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www.corpun.com   :  Archive   :  2010   :  GY Judicial Oct 2010

-- THE ARCHIVE --


GUYANA
Judicial CP - October 2010



Corpun file 22591

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Stabroek News, Georgetown, 15 October 2010

Whipping expunged from juvenile laws

By Stabroek staff


Click to enlarge

Government passed two bills last night with opposition support which remove whipping from the law books and brings an end to corporal punishment at training schools across the country.

The Juvenile Offenders (Amendment) Act amends section 19 of the law and provides for the removal of whipping for any offence committed by children or young adults while the Training Schools (Amendment) Act repeals sections of the law which permitted whipping and flogging of children kept at those institutions.

Home Affairs Minister Clement Rohee said that government also now assumes responsibility for children in those institutions by taking the burden off of parents and or guardians for their upkeep. Rohee called the provisions in the legislation which were repealed as "archaic". He said too that some of the amendments in the Training School Act were necessary in order for it to be compatible with the amendments in the Juvenile Offenders Act.

PNCR-1G MP Debra Backer offered her party's support for the amendments, but questioned how serious the administration is with respect to modernizing legislation because it has resisted rational calls for the establishing of a permanent Law Reform Commission. She charged that laws were being amended in an ad hoc manner.

Backer also questioned how the government is moving to end corporal punishment at training schools and in the regular public school system heads can still impose corporal punishment.

AFC MPs Khemraj Ramjattan and Latchmin Punalall slammed the government for bringing the amendments to the house without giving due credit to their former MP, Chantelle Smith who had piloted legislation years ago to remove corporal punishment in schools including training schools such as the New Opportunity Corps. Ramjattan acknowledged that the legislation was later passed but "with additional government amendments". AFC also supported the legislation.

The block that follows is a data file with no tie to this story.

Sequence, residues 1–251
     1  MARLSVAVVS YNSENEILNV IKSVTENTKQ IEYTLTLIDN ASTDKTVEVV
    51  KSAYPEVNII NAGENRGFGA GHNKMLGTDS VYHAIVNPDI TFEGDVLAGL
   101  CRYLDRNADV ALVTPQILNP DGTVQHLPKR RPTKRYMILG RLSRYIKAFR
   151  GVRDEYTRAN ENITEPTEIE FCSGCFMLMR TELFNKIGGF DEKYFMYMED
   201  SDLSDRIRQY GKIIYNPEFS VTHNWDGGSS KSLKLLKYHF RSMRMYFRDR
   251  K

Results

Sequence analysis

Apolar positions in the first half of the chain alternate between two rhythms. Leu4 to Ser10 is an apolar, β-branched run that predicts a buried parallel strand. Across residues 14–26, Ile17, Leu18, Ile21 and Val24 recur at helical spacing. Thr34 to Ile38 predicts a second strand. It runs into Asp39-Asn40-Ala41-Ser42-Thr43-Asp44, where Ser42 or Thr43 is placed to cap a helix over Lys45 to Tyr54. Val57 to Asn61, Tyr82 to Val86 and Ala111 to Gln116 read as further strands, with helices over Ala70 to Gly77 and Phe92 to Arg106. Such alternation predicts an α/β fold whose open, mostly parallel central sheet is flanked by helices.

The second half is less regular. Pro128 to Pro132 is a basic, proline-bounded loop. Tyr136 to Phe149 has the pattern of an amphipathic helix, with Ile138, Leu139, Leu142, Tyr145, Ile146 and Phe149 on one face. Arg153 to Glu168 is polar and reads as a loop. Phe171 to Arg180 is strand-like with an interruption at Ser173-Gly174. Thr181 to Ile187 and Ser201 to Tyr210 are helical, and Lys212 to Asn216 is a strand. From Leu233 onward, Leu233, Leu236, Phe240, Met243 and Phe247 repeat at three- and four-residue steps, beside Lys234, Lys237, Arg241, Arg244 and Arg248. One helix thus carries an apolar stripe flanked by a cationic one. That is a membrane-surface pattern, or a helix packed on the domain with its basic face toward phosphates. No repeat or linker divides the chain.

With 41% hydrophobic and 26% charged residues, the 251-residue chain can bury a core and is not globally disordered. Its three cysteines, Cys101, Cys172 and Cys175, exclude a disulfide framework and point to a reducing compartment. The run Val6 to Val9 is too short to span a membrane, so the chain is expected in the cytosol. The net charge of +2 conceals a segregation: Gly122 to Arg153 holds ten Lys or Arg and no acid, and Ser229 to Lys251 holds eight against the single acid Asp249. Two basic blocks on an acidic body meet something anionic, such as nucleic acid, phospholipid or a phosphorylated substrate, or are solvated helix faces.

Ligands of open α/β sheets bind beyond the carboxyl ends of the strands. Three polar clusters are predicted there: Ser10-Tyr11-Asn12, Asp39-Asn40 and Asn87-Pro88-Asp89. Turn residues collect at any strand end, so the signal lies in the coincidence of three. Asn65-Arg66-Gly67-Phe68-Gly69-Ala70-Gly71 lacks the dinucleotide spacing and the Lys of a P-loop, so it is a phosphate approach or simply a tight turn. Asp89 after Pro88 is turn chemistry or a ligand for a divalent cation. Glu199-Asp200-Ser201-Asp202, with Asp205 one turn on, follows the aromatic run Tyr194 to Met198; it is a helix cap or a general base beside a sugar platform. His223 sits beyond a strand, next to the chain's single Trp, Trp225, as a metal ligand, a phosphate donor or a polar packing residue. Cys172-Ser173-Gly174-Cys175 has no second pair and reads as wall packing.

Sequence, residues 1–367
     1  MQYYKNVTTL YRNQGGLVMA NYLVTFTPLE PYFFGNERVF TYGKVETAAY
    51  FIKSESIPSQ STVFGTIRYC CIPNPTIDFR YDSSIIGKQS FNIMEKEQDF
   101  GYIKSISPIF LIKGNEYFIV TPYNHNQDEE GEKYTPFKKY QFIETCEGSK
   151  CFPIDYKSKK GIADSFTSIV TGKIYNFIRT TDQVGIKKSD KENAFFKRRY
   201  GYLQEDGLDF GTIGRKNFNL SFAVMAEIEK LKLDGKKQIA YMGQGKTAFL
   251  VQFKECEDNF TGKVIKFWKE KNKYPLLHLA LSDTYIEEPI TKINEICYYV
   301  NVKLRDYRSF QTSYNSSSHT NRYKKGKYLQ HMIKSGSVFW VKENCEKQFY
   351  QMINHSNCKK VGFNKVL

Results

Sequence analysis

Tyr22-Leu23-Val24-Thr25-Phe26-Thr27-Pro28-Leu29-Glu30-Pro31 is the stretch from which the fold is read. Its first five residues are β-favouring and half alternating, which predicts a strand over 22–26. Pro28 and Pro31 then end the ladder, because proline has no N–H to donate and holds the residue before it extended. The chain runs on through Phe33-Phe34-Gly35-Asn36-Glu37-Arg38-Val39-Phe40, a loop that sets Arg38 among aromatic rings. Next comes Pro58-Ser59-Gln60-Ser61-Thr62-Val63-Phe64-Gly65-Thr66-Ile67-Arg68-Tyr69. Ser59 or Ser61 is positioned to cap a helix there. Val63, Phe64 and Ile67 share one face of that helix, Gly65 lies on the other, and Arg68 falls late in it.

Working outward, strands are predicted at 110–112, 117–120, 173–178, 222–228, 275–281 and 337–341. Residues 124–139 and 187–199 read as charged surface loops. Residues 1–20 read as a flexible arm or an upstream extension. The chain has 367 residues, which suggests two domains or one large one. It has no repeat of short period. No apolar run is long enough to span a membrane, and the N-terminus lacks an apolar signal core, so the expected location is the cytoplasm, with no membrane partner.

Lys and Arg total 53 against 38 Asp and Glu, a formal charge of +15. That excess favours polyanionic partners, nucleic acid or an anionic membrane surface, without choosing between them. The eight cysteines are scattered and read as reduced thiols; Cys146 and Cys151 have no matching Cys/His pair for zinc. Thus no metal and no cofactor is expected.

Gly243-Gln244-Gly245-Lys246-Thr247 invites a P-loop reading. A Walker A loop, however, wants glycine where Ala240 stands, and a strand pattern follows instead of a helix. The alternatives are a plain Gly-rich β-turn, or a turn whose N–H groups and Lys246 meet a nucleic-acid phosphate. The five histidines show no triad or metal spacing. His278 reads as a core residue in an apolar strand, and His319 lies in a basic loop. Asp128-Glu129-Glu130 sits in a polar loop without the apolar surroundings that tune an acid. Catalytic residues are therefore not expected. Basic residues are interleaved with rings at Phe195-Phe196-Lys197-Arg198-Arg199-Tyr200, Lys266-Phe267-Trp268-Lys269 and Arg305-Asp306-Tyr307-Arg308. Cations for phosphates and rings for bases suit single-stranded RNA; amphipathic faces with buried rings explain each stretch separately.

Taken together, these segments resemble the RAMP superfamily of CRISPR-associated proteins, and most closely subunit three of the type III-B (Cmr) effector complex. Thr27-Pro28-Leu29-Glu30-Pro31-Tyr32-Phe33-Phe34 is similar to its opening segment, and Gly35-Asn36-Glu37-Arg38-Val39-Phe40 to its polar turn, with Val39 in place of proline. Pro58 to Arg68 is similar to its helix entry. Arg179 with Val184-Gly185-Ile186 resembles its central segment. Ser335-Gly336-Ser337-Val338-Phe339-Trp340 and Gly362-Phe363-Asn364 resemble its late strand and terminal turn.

With respect to the amendments, section 20 (1) of the Principal Training School Act had stated that any boy detained in school who wilfully neglects to conform to the regulations may for every offence be ordered by the headmaster or the person in charge to be whipped with such instruments as the Minister may prescribe. The punishment was not to exceed six strokes or for solitary confinement not to exceed one day.

Section 26 of the Act addressed the issue of a parent and or guardian maintaining a child who is detained for a sum of $3 dollars a week while Section 27 dealt with the mode of enforcing the maintenance liabilities of parents and guardians. Both sections have been repealed.

Additionally, Section 19 of the Principal Juvenile Offenders Act was amended to provide for the removal of whipping for any offence committed by children or young adults.

Copyright 2008 Stabroek News. All rights reserved.

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